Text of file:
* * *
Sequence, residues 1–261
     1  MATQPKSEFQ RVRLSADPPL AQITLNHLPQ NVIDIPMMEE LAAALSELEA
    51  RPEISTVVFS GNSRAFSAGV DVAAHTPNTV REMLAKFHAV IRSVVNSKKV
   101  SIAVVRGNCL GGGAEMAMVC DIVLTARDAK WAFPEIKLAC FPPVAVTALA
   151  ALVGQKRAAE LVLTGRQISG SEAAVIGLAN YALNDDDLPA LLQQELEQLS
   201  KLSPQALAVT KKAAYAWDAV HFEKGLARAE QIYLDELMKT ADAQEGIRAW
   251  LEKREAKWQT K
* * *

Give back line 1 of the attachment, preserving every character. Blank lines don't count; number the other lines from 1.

Sequence, residues 1–261